Why is this nearly useless? Share of voice suffers from what we measurement folks call denominator blindness. Denominator blindness is a lack of perspective on our part. For example, we might read a headline in the news which says “150 vaccinations last year had serious side effects!”. What’s left out of the story is the denominator: 150 out of 10 million annually. When you apply a denominator, suddenly the story becomes far less compelling.

How does denominator blindness impact share of voice?

Consider the above example. Suppose we were a local coffee shop and we were measuring our share of voice against a major chain coffee shop. We netted 15% share of voice out of the mentions of us vs. our competitor, or 469 mentions. That’s great, isn’t it?

Except… on the topic of coffee alone, hundreds of thousands of people talk about coffee daily:


Our competitor AND our shop combined amount to less than 1.5% of the conversations about the topic. That’s one of the denominators we’re blind to – and it’s not the biggest one.

Let’s expand the denominator further. By recent estimates, we are sending more than half a million Tweets a minute. We watch almost 3 million videos on YouTube a minute. We update Facebook 300,000 times per minute. We load more than 100,000 photos to Instagram a minute.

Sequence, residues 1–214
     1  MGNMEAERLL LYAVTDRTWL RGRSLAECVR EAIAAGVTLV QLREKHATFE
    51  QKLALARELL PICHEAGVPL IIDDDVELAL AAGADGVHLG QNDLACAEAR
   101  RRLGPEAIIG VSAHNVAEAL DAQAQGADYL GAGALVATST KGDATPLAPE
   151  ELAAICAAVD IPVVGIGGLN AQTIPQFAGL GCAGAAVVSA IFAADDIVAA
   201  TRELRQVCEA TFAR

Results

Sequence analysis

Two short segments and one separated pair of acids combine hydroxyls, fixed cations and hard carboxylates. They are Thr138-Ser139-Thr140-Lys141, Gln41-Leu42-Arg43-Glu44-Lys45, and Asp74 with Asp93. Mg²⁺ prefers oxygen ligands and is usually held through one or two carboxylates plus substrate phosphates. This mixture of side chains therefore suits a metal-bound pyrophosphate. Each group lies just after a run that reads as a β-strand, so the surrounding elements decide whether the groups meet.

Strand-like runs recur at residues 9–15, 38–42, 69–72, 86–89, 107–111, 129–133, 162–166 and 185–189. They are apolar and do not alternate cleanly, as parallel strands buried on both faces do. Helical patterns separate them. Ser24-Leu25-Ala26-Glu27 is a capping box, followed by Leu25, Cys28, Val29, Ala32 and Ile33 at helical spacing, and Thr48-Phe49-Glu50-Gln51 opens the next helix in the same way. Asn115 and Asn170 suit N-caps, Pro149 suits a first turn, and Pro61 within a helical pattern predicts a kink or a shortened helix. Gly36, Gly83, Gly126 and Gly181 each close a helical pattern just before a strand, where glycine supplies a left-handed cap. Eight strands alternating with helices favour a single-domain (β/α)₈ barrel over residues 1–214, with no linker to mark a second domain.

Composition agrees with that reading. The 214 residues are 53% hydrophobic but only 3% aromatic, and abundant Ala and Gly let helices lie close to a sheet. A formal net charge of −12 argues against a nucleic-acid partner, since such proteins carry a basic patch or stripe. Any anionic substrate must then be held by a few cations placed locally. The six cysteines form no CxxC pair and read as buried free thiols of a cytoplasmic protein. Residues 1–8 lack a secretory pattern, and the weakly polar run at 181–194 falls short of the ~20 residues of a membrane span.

469 mentions of our coffee shop are insignificant compared to the vast, ever expanding media universe.

Share of voice made a great deal of sense when there were 3 television networks, a handful of local radio stations, and a few hundred newspapers. We could accurately measure our portion of the entire media universe at the time. Today, with apps like WhatsApp and Facebook Messenger sending millions of unobservable messages, combined with public social and digital feeds, we can no longer know what the total landscape is, much less measure our portion of it.

What should we measure? Continuous improvement – kaizen, in Japanese. If we netted 469 mentions today, try for 470 tomorrow. Focus on what we can do to grow our tiny patch of land, our tiny empire, a little more every day, every week, every month.